China Public Relations: The ImageThief Primer

Best newspapers on China

When it comes to China PR, if Will Moss over at ImageThief says it, I view it as gospel [definition number 4 in the link].
In a recent post, Inside Carrefour’s crisis management in China, [link no longer exists] Will sets out some of the basic rules of crisis communication for foreign firms doing business in China:

Be prepared to respond fast. Silence often equals guilt in the eyes of the public. Have an issues management kit that anticipates possible crisis scenarios in place beforehand. Don’t rely on guidance from overseas headquarters.

Pay close attention to the tone of your public communications. Address concerns. State positions. Don’t condescend or talk down to Chinese audiences.

Get everybody on the same page. Limit public comments to the minimum number of spokespeople and throttle unauthorized communication.

Brief employees so they know what is expected of them and how to respond to media queries, ambushes, etc.
For consumer brands, ongoing monitoring of the Internet is a good idea. Internet scandals are often flashes-in-the-pan, but they can erupt into the mainstream. It’s better not to be caught by surprise.

Is this any different from how such a crisis should be handled stateside?

A few months ago, I spoke at an excellent conference in Las Vegas on “Managing the Risks of Manufacturing in China.” One of the speakers, also an international lawyer, nicely summed up how US companies should react to a China manufacturing crisis by saying they needed to be like Andy Petite, not like Roger Clemens in terms of how each of them handled their charges of steroid use.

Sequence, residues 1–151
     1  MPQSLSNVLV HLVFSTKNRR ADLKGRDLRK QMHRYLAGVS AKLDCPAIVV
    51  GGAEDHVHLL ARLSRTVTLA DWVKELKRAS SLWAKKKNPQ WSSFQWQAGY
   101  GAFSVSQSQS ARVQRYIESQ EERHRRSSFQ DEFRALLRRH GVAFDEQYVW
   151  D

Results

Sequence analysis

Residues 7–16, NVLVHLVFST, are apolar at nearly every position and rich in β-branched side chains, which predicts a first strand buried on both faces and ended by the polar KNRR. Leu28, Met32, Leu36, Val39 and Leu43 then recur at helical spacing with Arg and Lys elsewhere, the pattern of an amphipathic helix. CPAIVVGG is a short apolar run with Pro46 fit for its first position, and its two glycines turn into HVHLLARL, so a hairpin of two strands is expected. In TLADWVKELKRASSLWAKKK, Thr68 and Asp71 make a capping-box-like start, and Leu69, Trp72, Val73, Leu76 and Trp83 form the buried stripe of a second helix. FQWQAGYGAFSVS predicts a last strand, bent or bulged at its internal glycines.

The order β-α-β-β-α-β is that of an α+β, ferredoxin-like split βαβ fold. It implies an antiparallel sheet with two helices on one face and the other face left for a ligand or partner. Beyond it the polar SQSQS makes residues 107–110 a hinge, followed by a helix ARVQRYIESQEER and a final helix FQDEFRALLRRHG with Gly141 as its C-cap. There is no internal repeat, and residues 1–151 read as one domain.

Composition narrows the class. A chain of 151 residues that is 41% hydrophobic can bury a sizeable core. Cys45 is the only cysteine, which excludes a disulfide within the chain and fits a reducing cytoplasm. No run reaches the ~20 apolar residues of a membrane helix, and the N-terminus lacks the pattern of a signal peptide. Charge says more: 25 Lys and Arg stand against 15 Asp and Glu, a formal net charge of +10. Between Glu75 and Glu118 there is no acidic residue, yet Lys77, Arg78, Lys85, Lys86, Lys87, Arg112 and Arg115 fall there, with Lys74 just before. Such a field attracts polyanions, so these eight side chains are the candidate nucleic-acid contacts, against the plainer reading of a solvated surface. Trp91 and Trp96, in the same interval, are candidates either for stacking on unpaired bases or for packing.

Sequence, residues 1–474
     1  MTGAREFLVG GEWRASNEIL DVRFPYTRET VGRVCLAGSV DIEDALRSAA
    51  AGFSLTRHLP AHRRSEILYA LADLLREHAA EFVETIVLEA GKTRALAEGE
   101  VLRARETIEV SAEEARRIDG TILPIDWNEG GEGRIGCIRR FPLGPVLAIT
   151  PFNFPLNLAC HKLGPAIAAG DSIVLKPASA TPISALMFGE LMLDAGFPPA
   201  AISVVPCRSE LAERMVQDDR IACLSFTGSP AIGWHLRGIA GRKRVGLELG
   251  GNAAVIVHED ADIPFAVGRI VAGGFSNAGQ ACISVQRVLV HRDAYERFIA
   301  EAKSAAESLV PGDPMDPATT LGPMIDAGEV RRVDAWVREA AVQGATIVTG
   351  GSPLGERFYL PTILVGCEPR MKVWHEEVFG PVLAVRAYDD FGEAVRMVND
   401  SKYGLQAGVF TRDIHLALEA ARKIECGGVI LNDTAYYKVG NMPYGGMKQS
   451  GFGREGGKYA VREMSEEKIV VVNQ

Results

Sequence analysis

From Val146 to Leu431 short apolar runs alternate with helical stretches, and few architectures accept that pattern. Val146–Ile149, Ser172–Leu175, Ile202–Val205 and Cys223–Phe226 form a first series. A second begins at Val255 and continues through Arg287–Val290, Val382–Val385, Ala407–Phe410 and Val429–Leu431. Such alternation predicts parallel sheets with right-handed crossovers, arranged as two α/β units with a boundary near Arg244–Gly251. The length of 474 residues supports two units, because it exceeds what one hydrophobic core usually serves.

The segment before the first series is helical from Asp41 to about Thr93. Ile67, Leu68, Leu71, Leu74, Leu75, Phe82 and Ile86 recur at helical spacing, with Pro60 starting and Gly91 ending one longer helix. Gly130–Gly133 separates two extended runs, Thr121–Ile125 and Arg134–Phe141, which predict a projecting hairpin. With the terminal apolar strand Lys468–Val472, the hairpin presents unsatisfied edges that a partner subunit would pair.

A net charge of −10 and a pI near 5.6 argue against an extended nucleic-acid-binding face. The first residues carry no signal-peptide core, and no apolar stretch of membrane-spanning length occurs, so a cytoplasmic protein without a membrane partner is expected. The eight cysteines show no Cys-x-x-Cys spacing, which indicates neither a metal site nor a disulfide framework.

Sounds like good advice for a China crisis also.

One response to “China Public Relations: The ImageThief Primer”

  1. I think this is similar to a question I have heard posed before in other contexts about “management” as a whole or in general. Is “management” and “managing” about a set of nearly universal principles and practices or must it be “culturally specific”? Or is it a bit (or a lot) of both?
    Simplifying a bit (or a lot) just to try to bring a half way reasonable example, if management is (or were arbitrarily defined to be) planning, organizing, delegating and monitoring/ controlling work would these activities or aspects of management be different in Asia, Africa, North America or Europe? Or would they be the same? And how should practicing managers practice them?
    And another example of the same kind could be made with respect to the so called functional areas of management i.e purchasing, logistics, producing operations, technology management, R&D, finance, marketing, sales, strategic or short term planning, employee relations, public relations, government relations and etc. etc.. Are these the same everywhere or are they different or should they be culturally and company and context specific?
    Personally I think they are the same but they need to fit and be adjusted and adapted to specific/particular cultural, social, political and organizational (and temporal) contexts .
    And so it’s probably no different in terms of giving good advice to companies about how to react to PR problems that might come down their road e.g. Carrefour above. (Though I don’t think Carrefour’s particular problems in this situation are only “PR” problems)
    That is, it is just as Imagethief says it should be. Companies should be: a) ready b) pay attention to how they communicate c) get their people on the same page and etc. etc. -as above-
    But just how to be ready, how and what ways to pay attention to communications and what to get their people onto the same page about, will vary from place to place, company to company and situation to situation. (and would certainly be different “States-side”
    Is this sort of an “insight” Management 101 or does it belong in some Advanced Graduate Seminar? I think – if it is even right at all- it belongs in management 101 whereas in the Graduate Seminar (or in consultancy practice) one then works to figure out the specifics of policy and practice in each individual case.

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